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Wednesday, August 31, 2016

Home-Fermented Ginger Ale

Good things come to those who wait...
Naturally occuring bubbles have always intrigued me, starting with Perrier.  I just can't get my brain around the fact that water flows from the ground already bubbly.  That is just insane!  To be fair, Perrier does reinforce the natural carbonation before bottling.. but if you did go to the source, it would be eyelashflutteringly bubbly.
Then there are the fermented drinks.  Then there are drinks like beer and champagne that start out flat and become bubbly.  That is equally insane, because in all my past experiences, I have only observed the reverse process.  The drink starts out bubbly and ends up flat.
Then one day, many many years ago in a far away family vacation home on the Normandy coast, my aunt opened a bottle of homemade "Limonade" she had stashed there from the previous year.  It was not too sweet, nice and lemony, and most importantly, BUBBLY!  She explained that she made it herself and the carbonation just naturally happened (but she was giving it to us kids, so it couldn't be like beer or champagne).
I was humored and a bit skeptical about the process, but was too young to actually pursue the curiosity.
Then, some 15 years later, I was gifted a bottle of olive oil with a flip cap.  That bottle made me flashback to that summer in Cabourg.  I decided I would try to make something that naturally carbonates.
As I looked through the different processes, it turns out that consuming fermented foods and beverages brings gifts to your body.  The probiotics in cultured food are a major cruise line all you can eat buffet for your flora.  Come to mama Lactobacillus!
I still would have done it even if there were no bonus points.  I wanted to do it because it's my little experiment at the moment.
For my very first try, I wanted to make ginger ale.  Because ginger is delicious.
You can't say the word "rhizome" in front of me without me yelling out GINGER!
Yes, it has accidentally happened before.
In order to make home-fermented soda, you need a culture.
Ok, everyone belongs to one culture or another, but I mean a pet living thing that you need to feed.  There are different types, but I feel the easiest to make (for me at least) is the Ginger bug.
The Ginger Bug is a mixture of grated ginger, sugar, and water left out at very warm room temperature until it ferments, then can be used as a base for a number of home-made sodas.
Mine spontaneously fermented in 48 hours.  So cool!
Follow Ginger Bug instructions from WellnessMama.
I'm also working a different type of ferment with "Limonade" which calls for rice, sugar, lemon juice, and water, but I'll get to that in a different post.  It's not quite ready yet.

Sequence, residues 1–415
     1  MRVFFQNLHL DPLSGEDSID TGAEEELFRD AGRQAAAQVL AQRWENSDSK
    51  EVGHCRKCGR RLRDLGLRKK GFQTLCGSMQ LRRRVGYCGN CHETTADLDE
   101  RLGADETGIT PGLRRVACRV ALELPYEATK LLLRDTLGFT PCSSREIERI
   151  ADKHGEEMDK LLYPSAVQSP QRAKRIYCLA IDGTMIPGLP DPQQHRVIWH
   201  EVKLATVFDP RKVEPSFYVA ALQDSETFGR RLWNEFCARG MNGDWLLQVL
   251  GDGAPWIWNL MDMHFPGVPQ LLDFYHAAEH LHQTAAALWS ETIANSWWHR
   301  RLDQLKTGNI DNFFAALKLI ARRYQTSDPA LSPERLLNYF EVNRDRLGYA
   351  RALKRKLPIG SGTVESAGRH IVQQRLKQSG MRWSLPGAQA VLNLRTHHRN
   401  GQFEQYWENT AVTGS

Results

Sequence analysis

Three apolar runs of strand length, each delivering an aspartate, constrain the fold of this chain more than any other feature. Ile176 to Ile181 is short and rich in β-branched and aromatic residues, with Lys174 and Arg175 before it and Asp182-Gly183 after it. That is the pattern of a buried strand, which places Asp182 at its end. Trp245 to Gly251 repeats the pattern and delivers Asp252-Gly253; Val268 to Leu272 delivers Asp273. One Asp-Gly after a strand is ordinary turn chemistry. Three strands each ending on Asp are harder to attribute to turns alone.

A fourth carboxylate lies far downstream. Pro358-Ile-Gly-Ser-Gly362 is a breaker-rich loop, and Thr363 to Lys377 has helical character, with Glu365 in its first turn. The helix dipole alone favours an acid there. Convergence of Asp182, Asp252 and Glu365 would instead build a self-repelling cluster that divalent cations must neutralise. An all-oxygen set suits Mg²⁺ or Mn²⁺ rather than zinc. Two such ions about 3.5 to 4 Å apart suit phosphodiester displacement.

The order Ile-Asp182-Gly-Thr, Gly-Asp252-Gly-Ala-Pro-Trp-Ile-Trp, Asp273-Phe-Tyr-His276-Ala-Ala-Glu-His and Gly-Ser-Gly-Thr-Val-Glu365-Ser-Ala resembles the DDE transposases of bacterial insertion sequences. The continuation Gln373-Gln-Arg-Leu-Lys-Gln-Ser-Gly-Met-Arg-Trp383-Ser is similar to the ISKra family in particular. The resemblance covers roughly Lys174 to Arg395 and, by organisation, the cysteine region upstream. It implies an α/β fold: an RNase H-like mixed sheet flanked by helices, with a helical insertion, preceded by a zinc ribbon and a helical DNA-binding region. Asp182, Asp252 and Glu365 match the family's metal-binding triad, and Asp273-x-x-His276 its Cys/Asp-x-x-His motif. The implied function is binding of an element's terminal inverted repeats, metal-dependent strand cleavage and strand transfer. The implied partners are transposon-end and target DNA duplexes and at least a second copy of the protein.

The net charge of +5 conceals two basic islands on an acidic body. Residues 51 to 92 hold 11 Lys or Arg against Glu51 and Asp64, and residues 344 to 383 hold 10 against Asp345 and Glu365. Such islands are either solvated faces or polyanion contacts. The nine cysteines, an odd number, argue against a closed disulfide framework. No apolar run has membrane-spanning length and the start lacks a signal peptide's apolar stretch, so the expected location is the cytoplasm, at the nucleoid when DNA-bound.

I've made the ginger ale a coupe of times using the same ginger bug I've been keeping alive since the first bottle, so I'm confident in this recipe that has tested out quite well.
Yield 1 L or quart of Ginger Ale
1 inch piece ginger, grated
1/4 cup rapadura or cane sugar
1/4 cup lime juice
1/4 tsp sea salt
1/4 cup Ginger Bug
3-4 cups non chlorinated water (not direct tap water)
1.  Place 1 1/2 cups water with the rapadura, salt, and grated ginger to heat on the stove.  Simmer for 5 minutes until the sugar dissolves.  Let cool!  You don't want to kill your magnificent ginger bug now do you?
2.  Using a funnel, pour the ginger bug, lime juice, and stovetop mixture into your flip top glass bottle.  Top off with the non chlorinated water.  Make sure you don't fill it too high.  Do not close the flip top right away.  Cover with a cheesecloth or coffee filter along with a rubber band.
3.  Leave out at room temperature for 2 days before closing the flip top.  Then leave out for 3 days maximum after bottling.  During this time, it will naturally carbonate.  Check it everyday to see any bubbles.  Once you start seeing them, you can refrigerate, which stops the carbonation process.  If you leave it out too long, you will have a geyser when you open it.
4.  Serve chilled.

The taste is incredible.  It's not sweet at all although there seems to be a lot of sugar going in, very gingery, almost spicy, ultra bubbly, and a bit yeasty.  Everything I love and more...
My experimentation is going to branch out into a few different directions.. I'm so excited!

If this is the first time you are making a home-fermented soda, make sure you open it very carefully over the sink or even outdoors.  The first time, 3/4 of the bottle did an Old Faithful on me all over my kitchen.  I was left with only 1 little glass to taste and the rest to lick off the floor.  I had left it out 5 days instead of 3.. during a "heat wave".